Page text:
Transcription"A Remarkable Indian Ceremony. Dedicating a Sacred Rock to Peace and Plenty. We give on page 385 and illustration of an interesting ceremony which took place in November last at Standing Rock, the Great Sioux Indian Agency, near Fort Yates, Dakota, when the 'standing rock' for which the agency was named by the dusky warriors, was unveiled. The rock of itself does not present an imposing appearance, and were it not for the traditions and legends of this, the most famous and warlike of all the Northwestern tribes, would be passed without eliciting any special attention.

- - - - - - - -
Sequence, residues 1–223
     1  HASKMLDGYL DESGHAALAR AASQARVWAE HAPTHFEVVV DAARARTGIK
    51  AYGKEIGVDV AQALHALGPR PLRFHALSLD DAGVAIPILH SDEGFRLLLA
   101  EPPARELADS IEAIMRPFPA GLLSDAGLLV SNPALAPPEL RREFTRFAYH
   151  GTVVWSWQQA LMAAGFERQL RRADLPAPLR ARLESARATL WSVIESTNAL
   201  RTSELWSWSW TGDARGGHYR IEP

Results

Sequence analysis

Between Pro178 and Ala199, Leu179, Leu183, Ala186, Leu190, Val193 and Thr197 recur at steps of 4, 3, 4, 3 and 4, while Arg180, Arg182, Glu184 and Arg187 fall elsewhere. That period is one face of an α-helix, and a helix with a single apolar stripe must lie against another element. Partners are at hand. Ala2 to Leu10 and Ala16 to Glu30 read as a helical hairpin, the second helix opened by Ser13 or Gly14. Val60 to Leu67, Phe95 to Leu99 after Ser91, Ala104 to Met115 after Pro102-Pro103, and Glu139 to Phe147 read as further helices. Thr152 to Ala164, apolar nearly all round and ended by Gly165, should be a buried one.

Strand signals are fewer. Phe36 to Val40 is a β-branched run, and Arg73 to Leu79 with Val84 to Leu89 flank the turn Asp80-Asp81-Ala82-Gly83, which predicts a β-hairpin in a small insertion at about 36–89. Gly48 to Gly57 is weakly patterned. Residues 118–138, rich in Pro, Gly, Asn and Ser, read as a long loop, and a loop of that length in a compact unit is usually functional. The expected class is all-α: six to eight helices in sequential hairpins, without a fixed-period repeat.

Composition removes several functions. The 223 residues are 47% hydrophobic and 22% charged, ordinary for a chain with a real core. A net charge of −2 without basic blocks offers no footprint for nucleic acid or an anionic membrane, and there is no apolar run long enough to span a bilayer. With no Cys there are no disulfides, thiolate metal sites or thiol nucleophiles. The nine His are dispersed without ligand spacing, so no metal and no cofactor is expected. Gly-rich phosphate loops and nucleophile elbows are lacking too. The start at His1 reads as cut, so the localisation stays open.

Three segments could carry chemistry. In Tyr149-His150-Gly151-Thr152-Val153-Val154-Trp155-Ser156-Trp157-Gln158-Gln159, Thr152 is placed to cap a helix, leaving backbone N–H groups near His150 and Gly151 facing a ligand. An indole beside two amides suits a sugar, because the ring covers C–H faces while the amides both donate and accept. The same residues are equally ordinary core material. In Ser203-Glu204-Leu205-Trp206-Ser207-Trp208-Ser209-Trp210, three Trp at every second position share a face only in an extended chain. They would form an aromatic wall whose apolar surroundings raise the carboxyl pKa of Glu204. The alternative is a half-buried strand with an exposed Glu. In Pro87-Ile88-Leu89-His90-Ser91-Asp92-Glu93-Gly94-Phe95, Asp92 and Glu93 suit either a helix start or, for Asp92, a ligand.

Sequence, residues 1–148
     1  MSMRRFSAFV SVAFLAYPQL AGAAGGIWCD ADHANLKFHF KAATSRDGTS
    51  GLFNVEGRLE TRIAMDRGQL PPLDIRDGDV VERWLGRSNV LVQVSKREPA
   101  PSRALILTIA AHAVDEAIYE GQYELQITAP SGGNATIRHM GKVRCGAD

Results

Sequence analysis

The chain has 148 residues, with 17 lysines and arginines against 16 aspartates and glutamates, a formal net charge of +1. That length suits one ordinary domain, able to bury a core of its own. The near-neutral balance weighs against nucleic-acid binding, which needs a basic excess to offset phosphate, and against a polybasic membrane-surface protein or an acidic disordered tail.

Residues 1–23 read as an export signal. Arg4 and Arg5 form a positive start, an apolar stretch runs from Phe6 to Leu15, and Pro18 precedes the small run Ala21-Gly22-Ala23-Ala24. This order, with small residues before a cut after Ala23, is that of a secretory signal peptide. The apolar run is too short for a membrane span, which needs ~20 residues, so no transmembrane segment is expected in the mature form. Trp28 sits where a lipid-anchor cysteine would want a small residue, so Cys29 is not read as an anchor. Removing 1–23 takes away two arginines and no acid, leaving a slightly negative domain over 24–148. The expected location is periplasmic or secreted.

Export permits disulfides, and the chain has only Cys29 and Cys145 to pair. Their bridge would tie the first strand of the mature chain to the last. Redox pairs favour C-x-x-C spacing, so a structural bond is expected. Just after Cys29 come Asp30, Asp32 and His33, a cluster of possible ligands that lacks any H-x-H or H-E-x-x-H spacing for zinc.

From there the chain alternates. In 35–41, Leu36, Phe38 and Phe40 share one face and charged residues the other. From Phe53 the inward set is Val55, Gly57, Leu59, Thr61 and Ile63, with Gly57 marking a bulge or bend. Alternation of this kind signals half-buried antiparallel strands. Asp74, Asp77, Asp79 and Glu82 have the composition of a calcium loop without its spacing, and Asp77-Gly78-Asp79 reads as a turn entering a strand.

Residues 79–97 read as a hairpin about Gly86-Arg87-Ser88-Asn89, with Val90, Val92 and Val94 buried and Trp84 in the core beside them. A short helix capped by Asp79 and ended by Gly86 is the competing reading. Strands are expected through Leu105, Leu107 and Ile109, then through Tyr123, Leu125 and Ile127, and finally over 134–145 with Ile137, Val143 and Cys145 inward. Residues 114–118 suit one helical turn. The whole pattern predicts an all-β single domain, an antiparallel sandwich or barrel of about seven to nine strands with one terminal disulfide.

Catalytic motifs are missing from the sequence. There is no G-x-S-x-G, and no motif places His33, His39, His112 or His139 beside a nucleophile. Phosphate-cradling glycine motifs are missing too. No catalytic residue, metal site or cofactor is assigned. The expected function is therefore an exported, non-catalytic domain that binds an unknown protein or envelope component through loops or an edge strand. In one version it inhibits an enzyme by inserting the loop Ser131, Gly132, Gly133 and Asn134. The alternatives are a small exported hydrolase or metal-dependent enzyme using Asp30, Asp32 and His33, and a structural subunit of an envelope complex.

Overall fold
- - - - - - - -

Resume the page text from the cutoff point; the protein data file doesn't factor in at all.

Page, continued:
The Indians have been taught, and firmly believe, that the rock, which is about five feet in height, and when discovered was standing on its smaller end, is the petrified form of a young squaw who died while in the act of appealing to the Great Spirit for the return of her absent lord. For years the stone has been worshiped, and since the return of Sitting bull and his band from the bloody expedition in which Custer and his soldiers were slaughtered, it has been the coveted and cherished idol of the reluctantly reforming Sioux. Latterly, notwithstanding its sacred character, the rock has been removed from the place in which it was discovered, and its frequent removals aroused fears among the whites that it was losing its civilizing and pacifying influence upon the Indians. In order that the 'standing rock' might be preserved as the sacred idol of the tribe, Major McLaughlin, the agent, announced to Sitting Bull and his fellow chieftains that it would be placed upon a pedestal, vailed, and on a given date, with prayers and thanksgiving, it would be unvailed to the sun god, and that ever after it should there remain, undisturbed and unmolested. The pedestal was erected, and on November 27th the chiefs and their families, followed by the entire population of the Indian city, numbering over 5, 000, filed with reverential tread to the holy spot. For several hours the Indians sat in council, discussing the legends connected with the wooing maiden whose voice had been hushed by a wrathful God and the process of petrifaction, and showed much uneasiness as to who should be honored with the duty of offering the prayers and painting the rock. It was decided that no man who had been guilty of sin should touch the rock. Sitting Bull declared that none but the purest man in all the tribe should perform the sacred service. They must search and catechise until they found a man whose life had been absolutely pure, that the holy rock might lose none of its purity. A hundred chiefs had been questioned, when Fire Cloud, of Fire Heart's band, was chosen.